OpenSSH Change a Passphrase With ssh-keygen command

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How do I change OpenSSH passphrase for one of my private keys under Linux, OpenBSD, FreeBSD, Apple OS X or Unix like operating systems?

You need to use the ssh-keygen command to generates, change manages and converts authentication keys for ssh. You should the see following files at $HOME/.ssh or ~/.ssh directory i.e. /home/you/.ssh/. You can use the ls -l $HOME/.ssh/ command to see the following files:

=> id_dsa : DSA authentication identity of the user

=> : DSA public key for authentication

=> id_rsa : RSA authentication identity of the user

=> : RSA public key for authentication

Changing a Passphrase with ssh-keygen

The -p option requests changing the passphrase of a private key file instead of creating a new private key. The program will prompt for the file containing the private key, for the old passphrase, and twice for the new passphrase. Use -f {filename} option to specifies the filename of the key file. For example, change directory to $HOME/.ssh. Open the Terminal app and then type:
$ cd ~/.ssh/

To change DSA passphrase, enter:
$ ssh-keygen -f id_dsa -p

To change RSA passphrase, enter:
$ ssh-keygen -f id_rsa -p
Sample outputs:

Animated gif 01: Changing your openssh passphrase
Animated gif 01: Changing your openssh passphrase

  • See ssh-keygen(1) man page for information on command line options.


Posted by: Vivek Gite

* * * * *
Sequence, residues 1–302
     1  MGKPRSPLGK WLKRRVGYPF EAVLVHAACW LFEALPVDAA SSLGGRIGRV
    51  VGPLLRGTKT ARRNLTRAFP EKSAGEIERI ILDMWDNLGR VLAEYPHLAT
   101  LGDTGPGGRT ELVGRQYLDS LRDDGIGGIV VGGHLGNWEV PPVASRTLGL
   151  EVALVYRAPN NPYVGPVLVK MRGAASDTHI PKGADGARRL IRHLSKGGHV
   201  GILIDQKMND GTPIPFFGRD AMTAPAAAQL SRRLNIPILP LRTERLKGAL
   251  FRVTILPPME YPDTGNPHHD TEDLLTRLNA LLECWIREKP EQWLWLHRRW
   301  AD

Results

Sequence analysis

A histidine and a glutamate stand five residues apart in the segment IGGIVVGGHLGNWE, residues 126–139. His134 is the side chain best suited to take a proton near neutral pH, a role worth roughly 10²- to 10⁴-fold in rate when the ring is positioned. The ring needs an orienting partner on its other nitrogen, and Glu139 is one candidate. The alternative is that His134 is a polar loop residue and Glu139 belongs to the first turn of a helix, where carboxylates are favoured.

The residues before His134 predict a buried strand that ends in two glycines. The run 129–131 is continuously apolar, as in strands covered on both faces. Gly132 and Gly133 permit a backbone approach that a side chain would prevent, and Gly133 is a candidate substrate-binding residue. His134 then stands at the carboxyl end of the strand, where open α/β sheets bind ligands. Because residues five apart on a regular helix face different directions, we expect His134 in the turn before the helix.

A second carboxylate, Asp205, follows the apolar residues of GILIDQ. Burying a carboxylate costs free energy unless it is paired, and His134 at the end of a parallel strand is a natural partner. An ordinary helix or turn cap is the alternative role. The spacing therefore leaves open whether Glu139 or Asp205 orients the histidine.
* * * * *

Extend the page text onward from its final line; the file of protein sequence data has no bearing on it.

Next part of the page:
The author is the creator of nixCraft and a seasoned sysadmin, DevOps engineer, and a trainer for the Linux operating system/Unix shell scripting. Get the latest tutorials on SysAdmin, Linux/Unix and open source topics via RSS/XML feed or weekly email newsletter.

14 comment

  1. If something relies on the private key will it still work the same way? I mean a SSL certificate for example…

  2. Thank applause and encouragement, for the valid reason that he offers me better power and courage!

  3. This is just what I needed. Thanks! And the animated gif demonstration was extra helpful. :)

  4. Heya,

    Thanks for sharing this useful information. It worked like a charm!

    Just another thing, what tool did you use to capture the screen input to an animated GIF, please?

    Thanks again,

  5. Let’s say I want to give my SSH key used to access some servers to some else (e.g. because I’m not maintaining these servers anymore).

    I can change the password as explained above and give “id_rsa” and “” to this person and he’ll be able to SSH on these servers without changing anything on the servers, right?

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